fail2ban is a utility that monitors your server logs and temporarily adjusts your iptables rules to block malicious activity. This is likely preferable to solution #2, below, since our fail2ban approach targets the xmlrpc.php attack specifically. This method also lets you allow in legitimate xmlrpc.php requests if you’re using the service.

To proceed, go into your fail2ban filters directory (in a default Ubuntu install, /etc/fail2ban/filters.d) and create a new file called “apache-xmlrpc.conf” or something meaningful. Add some logic to block xmlrpc.php:

# Fail2Ban configuration file
# Author: Geoff Stratton
# Version 1.0
# This tells fail2ban to block xmlrpc.php requests and where to find the originating IP address. 
# Assumes your log files are formatted as above, with the IP address appearing first on each line.

failregex = ^<HOST> .*POST .*xmlrpc.php.*
ignoreregex =

Next we tell fail2ban how to use our new filter. In your /etc/fail2ban/jail.local file, add this:


enabled  = true
port     = http,https
filter   = apache-xmlrpc
logpath  = /var/log/apache*/*access.log
maxretry = 3

And restart fail2ban:

root@ubuntu:/# service fail2ban restart

Now any source that sends more than three xmlrpc.php requests will be blocked by your server firewall for the default bantime specified in jail.local.

Solution #2: Use ufw to Block xmlrpc.php Source IPs

This method uses the Uncomplicated Firewall, or ufw for short, a useful front end provided with Ubuntu for managing iptables. Here the IP addresses sending xmlrpc.php requests are blocked permanently until you override the block.

Since all the xmlrpc.php attacks are conveniently listed in our server logs, a text processing utility like awk is excellent for analyzing them. First, let’s count the number of xmlrpc.php requests we’ve seen lately:

root@ubuntu:/# awk '/xmlrpc.php/ {count++} END {print count}' /var/log/apache2/website-access.log

Quite a few. Let’s list out the source IP addresses, sorted by number of requests:

root@ubuntu:/# awk '/xmlrpc.php/ {count[$1]++} END {for (ip in count) print ip, "-", count[ip]}' /var/log/apache2/website-access.log | sort -k3nr - 6449 - 5121 - 3847 - 3575 - 3307 - 1962 - 47 - 2 - 1 - 1 - 1

Now that we know who the troublemakers are, blocking them is fairly easy. Since a lot of them originate from one IP range, we can block the whole range:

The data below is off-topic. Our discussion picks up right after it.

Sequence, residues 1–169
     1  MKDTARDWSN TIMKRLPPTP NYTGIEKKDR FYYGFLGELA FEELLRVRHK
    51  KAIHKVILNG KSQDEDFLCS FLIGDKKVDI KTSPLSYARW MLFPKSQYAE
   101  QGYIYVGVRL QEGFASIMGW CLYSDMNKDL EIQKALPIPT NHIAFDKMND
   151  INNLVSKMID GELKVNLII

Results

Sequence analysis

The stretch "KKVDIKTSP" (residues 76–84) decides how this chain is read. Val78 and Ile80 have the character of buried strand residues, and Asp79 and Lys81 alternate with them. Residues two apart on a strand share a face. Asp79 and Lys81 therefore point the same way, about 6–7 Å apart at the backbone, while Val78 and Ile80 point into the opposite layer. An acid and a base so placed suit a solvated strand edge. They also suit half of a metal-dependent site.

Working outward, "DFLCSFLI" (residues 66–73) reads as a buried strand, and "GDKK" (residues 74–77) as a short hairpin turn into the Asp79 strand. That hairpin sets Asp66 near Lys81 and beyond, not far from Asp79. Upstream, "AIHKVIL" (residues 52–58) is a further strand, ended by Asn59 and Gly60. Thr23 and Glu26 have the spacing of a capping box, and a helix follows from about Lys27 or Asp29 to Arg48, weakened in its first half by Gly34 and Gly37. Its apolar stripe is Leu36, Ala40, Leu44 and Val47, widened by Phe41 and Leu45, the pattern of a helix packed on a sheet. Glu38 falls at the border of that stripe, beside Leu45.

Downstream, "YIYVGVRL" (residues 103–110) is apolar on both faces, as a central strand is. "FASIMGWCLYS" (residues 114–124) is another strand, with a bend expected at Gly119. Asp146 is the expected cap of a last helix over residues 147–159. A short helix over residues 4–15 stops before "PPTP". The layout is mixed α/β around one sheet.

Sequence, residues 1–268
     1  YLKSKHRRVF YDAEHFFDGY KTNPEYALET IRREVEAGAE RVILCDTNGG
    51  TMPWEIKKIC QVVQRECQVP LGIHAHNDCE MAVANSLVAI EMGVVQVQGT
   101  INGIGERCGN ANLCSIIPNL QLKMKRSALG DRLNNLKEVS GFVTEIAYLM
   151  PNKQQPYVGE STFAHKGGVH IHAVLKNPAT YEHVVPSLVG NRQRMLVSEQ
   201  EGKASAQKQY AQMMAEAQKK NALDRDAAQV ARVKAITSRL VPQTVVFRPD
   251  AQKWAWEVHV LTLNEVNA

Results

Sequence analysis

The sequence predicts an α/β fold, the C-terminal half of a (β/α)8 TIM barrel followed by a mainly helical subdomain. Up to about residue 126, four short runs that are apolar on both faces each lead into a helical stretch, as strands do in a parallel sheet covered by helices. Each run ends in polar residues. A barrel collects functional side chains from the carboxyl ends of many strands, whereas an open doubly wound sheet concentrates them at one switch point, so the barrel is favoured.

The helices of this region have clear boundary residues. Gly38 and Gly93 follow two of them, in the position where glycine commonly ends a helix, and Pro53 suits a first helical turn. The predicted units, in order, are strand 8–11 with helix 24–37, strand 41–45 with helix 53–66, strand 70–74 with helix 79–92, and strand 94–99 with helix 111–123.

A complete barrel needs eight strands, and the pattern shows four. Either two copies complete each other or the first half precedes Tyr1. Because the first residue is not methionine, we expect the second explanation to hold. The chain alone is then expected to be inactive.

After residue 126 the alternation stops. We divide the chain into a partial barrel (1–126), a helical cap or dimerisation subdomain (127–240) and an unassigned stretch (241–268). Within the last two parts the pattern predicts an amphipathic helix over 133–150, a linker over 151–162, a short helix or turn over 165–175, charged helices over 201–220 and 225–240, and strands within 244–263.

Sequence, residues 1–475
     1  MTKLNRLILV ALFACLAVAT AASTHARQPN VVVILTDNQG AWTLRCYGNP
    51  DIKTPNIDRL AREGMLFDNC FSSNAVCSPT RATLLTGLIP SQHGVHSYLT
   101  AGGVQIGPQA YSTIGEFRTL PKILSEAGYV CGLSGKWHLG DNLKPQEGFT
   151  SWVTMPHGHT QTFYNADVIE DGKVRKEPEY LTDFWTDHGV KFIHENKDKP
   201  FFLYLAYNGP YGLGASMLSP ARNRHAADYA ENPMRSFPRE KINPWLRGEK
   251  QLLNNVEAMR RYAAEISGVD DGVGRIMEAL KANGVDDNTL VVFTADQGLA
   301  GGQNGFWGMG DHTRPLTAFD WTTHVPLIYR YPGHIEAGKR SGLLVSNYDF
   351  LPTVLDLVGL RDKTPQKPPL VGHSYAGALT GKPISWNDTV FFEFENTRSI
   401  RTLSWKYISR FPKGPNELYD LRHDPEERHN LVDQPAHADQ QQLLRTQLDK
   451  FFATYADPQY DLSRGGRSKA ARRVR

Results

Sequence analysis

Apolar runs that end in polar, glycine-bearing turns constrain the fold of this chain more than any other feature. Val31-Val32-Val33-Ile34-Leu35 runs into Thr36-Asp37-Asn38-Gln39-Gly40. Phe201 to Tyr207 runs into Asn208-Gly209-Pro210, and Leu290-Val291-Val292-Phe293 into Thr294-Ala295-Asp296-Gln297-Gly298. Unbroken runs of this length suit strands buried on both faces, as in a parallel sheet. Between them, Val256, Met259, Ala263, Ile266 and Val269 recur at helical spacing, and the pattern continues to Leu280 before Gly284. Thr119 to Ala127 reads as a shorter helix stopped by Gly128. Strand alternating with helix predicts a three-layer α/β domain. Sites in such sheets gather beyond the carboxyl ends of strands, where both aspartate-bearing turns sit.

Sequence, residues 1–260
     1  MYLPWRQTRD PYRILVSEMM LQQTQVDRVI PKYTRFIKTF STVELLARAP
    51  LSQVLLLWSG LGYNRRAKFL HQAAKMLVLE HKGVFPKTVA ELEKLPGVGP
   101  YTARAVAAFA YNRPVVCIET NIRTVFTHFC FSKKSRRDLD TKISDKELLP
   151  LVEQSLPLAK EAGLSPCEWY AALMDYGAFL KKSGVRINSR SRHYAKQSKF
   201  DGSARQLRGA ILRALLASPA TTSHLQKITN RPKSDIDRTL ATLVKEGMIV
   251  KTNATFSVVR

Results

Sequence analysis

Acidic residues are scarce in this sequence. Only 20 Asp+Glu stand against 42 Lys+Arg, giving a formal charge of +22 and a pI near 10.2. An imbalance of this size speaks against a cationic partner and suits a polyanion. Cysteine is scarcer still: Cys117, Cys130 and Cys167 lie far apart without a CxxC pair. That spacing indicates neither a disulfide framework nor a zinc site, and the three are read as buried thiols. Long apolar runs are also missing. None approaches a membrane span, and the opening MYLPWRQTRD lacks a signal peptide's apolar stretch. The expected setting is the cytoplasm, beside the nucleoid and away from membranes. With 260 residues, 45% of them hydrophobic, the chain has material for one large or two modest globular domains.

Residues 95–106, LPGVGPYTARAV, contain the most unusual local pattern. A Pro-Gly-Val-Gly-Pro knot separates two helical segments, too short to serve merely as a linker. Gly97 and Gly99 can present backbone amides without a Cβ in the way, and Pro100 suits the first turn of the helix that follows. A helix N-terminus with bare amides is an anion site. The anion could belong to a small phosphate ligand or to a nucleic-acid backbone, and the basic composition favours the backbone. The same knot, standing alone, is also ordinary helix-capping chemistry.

root@ubuntu:/# ufw deny from

If blocking the whole IP range seems like overkill, awk can call shell commands:

root@ubuntu:/# awk '/xmlrpc.php/ {count[$1]++} END {for (ip in count) system("ufw insert 1 deny from " ip)}' /var/log/apache2/website-access.log

This one-liner iterates over the list of XML-RPC attackers and issues the ufw deny from [ip address] command to block each of them.

root@ubuntu:/lib/ufw# ufw status
Status: active

To                         Action      From
--                         ------      ----
Anywhere                   DENY
Anywhere                   DENY
Anywhere                   DENY
Anywhere                   DENY
Anywhere                   DENY
Anywhere                   DENY
Anywhere                   DENY
Anywhere                   DENY
Anywhere                   DENY
Anywhere                   DENY

After changing your firewall rules, remember to restart iptables:

root@ubuntu:/# service ufw restart

A couple of points here. The order of iptables rules in /lib/ufw/user.rules is important, which is why we use insert 1 in our awk one-liner above: this inserts the new deny rule at the beginning of the rules listing. If the deny rules are listed after the 80/tcp ALLOW IN Anywhere rule, iptables will let in packets from the “blocked” IPs before it applies the blocking rules.

Furthermore, the awk system() function uses .sh instead of bash, which isn’t particularly important here but might be relevant in other cases. You can specify bash with system("bash -c '''ufw insert 1 deny from "ip"'''").

Last but not least, if blocking IP addresses manually seems like a pain, you can always set this up as a cron job.